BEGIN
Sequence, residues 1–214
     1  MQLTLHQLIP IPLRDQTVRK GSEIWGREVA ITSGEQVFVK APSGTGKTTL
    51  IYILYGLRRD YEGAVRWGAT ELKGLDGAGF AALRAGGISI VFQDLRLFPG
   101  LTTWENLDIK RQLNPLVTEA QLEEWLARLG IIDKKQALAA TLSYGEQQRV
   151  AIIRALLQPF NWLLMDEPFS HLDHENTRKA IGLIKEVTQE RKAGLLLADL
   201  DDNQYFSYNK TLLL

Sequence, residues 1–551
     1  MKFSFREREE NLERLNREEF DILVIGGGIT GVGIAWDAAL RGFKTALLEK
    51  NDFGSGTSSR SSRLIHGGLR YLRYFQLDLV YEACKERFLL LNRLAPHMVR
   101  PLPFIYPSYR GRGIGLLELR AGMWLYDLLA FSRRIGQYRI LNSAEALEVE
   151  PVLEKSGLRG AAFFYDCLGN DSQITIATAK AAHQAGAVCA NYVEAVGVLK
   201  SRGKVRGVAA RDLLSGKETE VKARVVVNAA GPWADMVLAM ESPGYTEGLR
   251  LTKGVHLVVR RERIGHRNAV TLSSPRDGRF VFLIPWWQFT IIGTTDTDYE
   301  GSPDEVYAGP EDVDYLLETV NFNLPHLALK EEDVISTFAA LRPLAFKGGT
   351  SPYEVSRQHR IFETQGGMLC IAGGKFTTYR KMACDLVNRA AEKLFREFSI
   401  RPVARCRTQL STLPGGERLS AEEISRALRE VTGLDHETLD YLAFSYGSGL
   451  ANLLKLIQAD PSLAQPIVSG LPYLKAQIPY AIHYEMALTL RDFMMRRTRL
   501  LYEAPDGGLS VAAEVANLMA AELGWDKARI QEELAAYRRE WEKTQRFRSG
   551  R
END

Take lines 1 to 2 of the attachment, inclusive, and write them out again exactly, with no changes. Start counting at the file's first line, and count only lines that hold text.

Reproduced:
Sequence, residues 1–214
     1  MQLTLHQLIP IPLRDQTVRK GSEIWGREVA ITSGEQVFVK APSGTGKTTL